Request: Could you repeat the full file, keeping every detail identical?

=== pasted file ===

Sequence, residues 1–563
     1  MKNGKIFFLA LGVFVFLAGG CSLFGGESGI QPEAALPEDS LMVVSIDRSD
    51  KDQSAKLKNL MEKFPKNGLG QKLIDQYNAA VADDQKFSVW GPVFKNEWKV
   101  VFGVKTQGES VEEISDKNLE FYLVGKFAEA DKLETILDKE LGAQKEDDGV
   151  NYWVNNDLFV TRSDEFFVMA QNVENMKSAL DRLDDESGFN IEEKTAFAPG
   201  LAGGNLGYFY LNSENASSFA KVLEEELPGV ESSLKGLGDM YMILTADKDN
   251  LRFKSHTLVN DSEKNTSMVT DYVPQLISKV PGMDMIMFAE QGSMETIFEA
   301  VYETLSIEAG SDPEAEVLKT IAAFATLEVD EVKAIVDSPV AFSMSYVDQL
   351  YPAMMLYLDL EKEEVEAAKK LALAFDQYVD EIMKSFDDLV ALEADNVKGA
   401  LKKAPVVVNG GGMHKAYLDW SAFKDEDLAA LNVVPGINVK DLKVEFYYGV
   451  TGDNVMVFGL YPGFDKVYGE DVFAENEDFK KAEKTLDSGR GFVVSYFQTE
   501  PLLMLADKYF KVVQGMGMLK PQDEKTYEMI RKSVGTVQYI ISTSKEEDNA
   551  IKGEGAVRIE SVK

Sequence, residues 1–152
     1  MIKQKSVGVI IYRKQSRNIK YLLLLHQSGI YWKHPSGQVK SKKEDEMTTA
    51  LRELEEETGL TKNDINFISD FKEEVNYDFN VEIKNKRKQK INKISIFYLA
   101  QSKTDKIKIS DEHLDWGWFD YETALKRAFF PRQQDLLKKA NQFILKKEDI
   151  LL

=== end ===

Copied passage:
Sequence, residues 1–563
     1  MKNGKIFFLA LGVFVFLAGG CSLFGGESGI QPEAALPEDS LMVVSIDRSD
    51  KDQSAKLKNL MEKFPKNGLG QKLIDQYNAA VADDQKFSVW GPVFKNEWKV
   101  VFGVKTQGES VEEISDKNLE FYLVGKFAEA DKLETILDKE LGAQKEDDGV
   151  NYWVNNDLFV TRSDEFFVMA QNVENMKSAL DRLDDESGFN IEEKTAFAPG
   201  LAGGNLGYFY LNSENASSFA KVLEEELPGV ESSLKGLGDM YMILTADKDN
   251  LRFKSHTLVN DSEKNTSMVT DYVPQLISKV PGMDMIMFAE QGSMETIFEA
   301  VYETLSIEAG SDPEAEVLKT IAAFATLEVD EVKAIVDSPV AFSMSYVDQL
   351  YPAMMLYLDL EKEEVEAAKK LALAFDQYVD EIMKSFDDLV ALEADNVKGA
   401  LKKAPVVVNG GGMHKAYLDW SAFKDEDLAA LNVVPGINVK DLKVEFYYGV
   451  TGDNVMVFGL YPGFDKVYGE DVFAENEDFK KAEKTLDSGR GFVVSYFQTE
   501  PLLMLADKYF KVVQGMGMLK PQDEKTYEMI RKSVGTVQYI ISTSKEEDNA
   551  IKGEGAVRIE SVK

Sequence, residues 1–152
     1  MIKQKSVGVI IYRKQSRNIK YLLLLHQSGI YWKHPSGQVK SKKEDEMTTA
    51  LRELEEETGL TKNDINFISD FKEEVNYDFN VEIKNKRKQK INKISIFYLA
   101  QSKTDKIKIS DEHLDWGWFD YETALKRAFF PRQQDLLKKA NQFILKKEDI
   151  LL